Australia, on the other hand, developed the National Innovation and Science Agenda, a variety of initiatives introduced to increase participation in STEM (Science, Technology, Engineering, Mathematics) subjects to boost digital literacy. Countries such as Israel launched a comprehensive review of computing courses at the turn of the century, and according to The Guardian, now boasts the most “rigorous computer science high school programme in the world”.

Computerisation is everywhere, in every aspect of our daily lives and on every corner of the Earth. When we look at how much education policies have changed, even in the last 10 years, we can track exactly how far education has come in the face of the digital age. Fact of the matter is, in this day and age, graduates have to be digitally literate to progress in any career, and that’s why science- and technology-based subjects – Computer Science in particular – continue to adapt to meet the demands of a 21st century world.

Read on to learn about 6 leading global universities helping students excel in the field of Computer Science…


Royal Holloway University of London is ranked within the top 30 of all UK universities. Home to world-leading specialists and academics in the sciences, arts, business, economics and law, the Royal Holloway community is one that inspires students to succeed academically, socially and intellectually. Standing as one of the leading research-intensive universities in the nation, Royal Holloway is known to be a dominant force on the global stage of higher education. Strengthened by global perspectives and diversity, the University welcomes students and academics from around the world, all of whom seek a world-class academic experience at a historic campus that lies less than 40 minutes from the buzzing UK capital.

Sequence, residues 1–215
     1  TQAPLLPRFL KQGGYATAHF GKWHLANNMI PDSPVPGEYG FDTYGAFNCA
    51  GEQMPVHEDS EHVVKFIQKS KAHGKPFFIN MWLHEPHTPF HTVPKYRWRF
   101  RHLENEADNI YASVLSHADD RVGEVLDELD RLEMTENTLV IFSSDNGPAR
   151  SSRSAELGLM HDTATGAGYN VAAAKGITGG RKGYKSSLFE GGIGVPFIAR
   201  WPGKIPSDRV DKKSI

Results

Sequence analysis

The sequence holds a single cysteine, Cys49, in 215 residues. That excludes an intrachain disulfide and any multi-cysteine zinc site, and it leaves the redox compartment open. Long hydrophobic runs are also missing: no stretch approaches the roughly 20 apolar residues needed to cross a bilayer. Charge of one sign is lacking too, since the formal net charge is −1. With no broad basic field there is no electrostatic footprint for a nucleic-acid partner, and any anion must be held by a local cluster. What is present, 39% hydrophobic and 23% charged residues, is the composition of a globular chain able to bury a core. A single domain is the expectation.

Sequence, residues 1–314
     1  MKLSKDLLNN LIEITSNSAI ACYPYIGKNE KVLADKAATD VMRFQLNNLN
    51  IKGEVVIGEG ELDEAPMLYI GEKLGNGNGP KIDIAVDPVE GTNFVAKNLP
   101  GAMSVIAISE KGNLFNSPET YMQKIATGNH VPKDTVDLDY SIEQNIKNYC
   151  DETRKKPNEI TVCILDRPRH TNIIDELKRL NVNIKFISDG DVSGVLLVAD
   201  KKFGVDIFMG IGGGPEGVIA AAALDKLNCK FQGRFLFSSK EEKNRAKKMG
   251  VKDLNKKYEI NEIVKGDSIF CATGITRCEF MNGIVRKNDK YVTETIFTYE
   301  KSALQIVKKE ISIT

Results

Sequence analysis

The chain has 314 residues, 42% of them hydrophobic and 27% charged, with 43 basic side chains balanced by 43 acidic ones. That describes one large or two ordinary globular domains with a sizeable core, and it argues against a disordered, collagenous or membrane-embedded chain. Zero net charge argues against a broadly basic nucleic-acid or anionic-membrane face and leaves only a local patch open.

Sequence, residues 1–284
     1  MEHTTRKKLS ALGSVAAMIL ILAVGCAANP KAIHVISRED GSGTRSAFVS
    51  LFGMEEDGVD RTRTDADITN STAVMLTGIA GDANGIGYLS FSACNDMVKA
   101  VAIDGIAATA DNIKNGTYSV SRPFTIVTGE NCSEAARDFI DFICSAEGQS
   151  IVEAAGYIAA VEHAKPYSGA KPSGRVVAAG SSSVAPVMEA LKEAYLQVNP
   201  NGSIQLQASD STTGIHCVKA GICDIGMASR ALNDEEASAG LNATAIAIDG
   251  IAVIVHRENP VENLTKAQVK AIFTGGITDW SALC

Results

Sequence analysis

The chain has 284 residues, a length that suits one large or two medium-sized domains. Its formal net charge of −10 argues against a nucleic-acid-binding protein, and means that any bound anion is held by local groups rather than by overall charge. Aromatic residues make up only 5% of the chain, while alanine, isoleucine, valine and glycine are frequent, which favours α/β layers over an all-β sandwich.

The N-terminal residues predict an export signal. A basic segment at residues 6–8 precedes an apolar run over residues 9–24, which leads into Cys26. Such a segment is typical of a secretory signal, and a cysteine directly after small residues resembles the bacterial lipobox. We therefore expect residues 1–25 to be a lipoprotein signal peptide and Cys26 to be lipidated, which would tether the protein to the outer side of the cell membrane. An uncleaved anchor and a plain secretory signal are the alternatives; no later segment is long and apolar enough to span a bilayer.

Image courtesy of Royal Holloway University

Royal Holloway’s Faculty of Science provides a comprehensive education in STEM-based disciplines, with the Department of Computer Science standing as one of the nation’s leading centres for research in this field. Through a stimulating catalogue of undergraduate, postgraduate and research-level programmes covering topics like Big Data, Artificial Intelligence, Information Security, The Internet of Things, and beyond, the Department helps produce skilful, knowledgeable and creative graduates with the skills needed to tackle complex digital issues.